"I've just finished L.B. Joramo's THE IMMORTAL AMERICAN and it's better than a good read. It's a page-turner that kept me reading late into the night, but not wanting to reach the end.

The author has created a cast of Massachusetts characters rankling under the oppressive laws enacted by King George III and his Parliament. But the history is interesting background for Violet Buccluech to tell her story. She's a feisty, independent young female ahead of her time. Well educated by her Quaker father, she dons men's britches and runs the family farm after her father's death. She's engaged to Mathew Adams (Yes, he's a cousin to Samuel and John Adams), her childhood friend who's handsome, caring and charismatic. The appearance of a darkly handsome and enigmatic Frenchman, Jacque Beaumont, creates a charming intellectual foil that steals her heart and forever changes her life.

The characters are people I cared about. I shared the ache of Violet's painful losses and her delight in discovering newlywed passions. Historic insights into this tumultuous period of American history are revealed by Hannah, Violet's beloved younger sister, freed slaves, Mr. Jones and his wife Bethany, militiamen at the Battles of Concord and Lexington, British officers, and even the "lobster back" redcoats.

I highly recommend THE IMMORTAL AMERICAN to readers of historical fiction, romance and/or supernatural fiction. This was a well-written and well-researched book by L.B. Joramo. My only regret is that I have to wait to read the next book in this series." -Compulsive Reader, Amazon Review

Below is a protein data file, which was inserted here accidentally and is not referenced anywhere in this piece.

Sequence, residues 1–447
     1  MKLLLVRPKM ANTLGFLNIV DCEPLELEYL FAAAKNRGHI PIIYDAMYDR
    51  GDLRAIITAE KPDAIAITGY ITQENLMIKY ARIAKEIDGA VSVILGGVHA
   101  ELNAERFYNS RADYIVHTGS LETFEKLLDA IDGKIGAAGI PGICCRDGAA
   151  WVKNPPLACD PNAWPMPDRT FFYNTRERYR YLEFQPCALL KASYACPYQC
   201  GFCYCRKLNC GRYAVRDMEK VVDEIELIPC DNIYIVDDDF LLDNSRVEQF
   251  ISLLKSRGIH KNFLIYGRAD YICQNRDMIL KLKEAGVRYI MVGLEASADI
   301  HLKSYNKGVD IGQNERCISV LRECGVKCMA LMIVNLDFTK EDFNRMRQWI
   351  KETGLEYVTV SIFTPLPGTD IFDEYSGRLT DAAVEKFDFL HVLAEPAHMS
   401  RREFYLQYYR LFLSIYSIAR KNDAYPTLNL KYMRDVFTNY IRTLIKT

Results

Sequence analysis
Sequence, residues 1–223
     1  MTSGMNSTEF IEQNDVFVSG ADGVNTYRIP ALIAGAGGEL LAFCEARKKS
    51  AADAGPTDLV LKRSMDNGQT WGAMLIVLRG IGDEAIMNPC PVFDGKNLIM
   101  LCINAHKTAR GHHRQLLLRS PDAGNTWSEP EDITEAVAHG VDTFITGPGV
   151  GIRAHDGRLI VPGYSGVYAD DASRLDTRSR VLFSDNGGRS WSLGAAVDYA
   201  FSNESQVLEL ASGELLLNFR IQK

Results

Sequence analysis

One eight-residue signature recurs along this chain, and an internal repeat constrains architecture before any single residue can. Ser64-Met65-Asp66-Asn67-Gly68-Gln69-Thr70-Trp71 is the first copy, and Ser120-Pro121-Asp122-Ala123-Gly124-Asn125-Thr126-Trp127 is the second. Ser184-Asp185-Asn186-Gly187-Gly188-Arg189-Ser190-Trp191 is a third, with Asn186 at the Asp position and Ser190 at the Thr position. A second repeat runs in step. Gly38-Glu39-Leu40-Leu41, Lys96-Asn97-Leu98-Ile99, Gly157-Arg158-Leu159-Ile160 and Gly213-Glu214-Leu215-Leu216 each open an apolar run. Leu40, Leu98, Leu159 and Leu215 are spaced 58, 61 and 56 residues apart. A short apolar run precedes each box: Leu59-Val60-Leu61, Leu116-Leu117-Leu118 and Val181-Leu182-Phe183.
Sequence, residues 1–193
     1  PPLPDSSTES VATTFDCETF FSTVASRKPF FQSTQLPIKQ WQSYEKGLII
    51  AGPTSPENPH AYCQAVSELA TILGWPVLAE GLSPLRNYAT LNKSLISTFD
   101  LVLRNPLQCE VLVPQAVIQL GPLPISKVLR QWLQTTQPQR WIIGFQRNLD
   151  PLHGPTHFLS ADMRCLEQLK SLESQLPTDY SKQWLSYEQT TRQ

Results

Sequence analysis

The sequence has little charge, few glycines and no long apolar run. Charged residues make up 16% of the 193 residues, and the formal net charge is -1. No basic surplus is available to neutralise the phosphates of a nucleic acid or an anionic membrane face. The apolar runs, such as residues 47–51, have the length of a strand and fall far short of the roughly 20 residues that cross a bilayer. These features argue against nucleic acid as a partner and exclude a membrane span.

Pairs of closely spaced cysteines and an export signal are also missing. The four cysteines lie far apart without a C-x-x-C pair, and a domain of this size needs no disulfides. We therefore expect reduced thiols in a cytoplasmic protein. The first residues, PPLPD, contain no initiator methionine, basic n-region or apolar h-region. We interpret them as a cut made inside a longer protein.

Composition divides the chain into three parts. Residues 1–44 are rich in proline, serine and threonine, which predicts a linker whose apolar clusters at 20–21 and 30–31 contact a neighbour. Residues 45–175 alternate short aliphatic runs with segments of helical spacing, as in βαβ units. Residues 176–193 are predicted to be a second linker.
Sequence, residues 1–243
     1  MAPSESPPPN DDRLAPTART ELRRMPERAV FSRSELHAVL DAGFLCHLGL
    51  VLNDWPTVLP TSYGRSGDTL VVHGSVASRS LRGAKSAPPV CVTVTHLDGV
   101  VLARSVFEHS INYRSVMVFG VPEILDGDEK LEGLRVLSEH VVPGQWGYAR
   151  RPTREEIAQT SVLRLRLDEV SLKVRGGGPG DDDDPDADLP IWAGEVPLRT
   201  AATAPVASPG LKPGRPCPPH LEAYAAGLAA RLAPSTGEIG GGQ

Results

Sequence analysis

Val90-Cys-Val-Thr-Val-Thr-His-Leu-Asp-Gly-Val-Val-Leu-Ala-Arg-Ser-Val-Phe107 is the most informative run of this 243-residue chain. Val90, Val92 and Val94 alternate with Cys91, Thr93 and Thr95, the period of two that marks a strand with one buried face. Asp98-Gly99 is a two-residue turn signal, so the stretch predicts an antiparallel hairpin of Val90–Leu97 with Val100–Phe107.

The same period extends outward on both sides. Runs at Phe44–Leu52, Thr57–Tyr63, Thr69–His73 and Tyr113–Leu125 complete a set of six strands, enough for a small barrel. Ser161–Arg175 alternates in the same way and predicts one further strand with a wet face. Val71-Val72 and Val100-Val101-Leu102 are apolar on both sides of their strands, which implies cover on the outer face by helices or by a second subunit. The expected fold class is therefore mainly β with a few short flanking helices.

**A Chanticleer Paranormal Winner**

In the midst of the Battle of Concord, Violet Buccleuch wakes to look down at the gaping hole through her heart. 

Two months before In February 1775 she lives the life of a normal colonial woman. Though normal is a stretch of the word, since she wears breeches and farms to provide for her sister and mother. However, she knows well of expectations for her to settle down and marry. Her sights are set to wed her childhood friend, Mathew Adams. But fate and a French spy, Jacque Beaumont, falter her best intentions. 

Her heart is pulled in two directions as one man offers what she desires; the other saves her after violence and grief rip Violet’s life apart. Then the battle that erupts the American Revolution rages in her yard, forcing Violet, with a rifle in her hand, to choose her own fate. But destiny deals her another blow. After she sips what appears to be innocuous water, she finds herself impervious to . . . death. Now immortal, Violet rushes to lend her sniper’s eye for the battle, which she hopes will save the man she vows to love.

Red L. Jameson

Romance Writer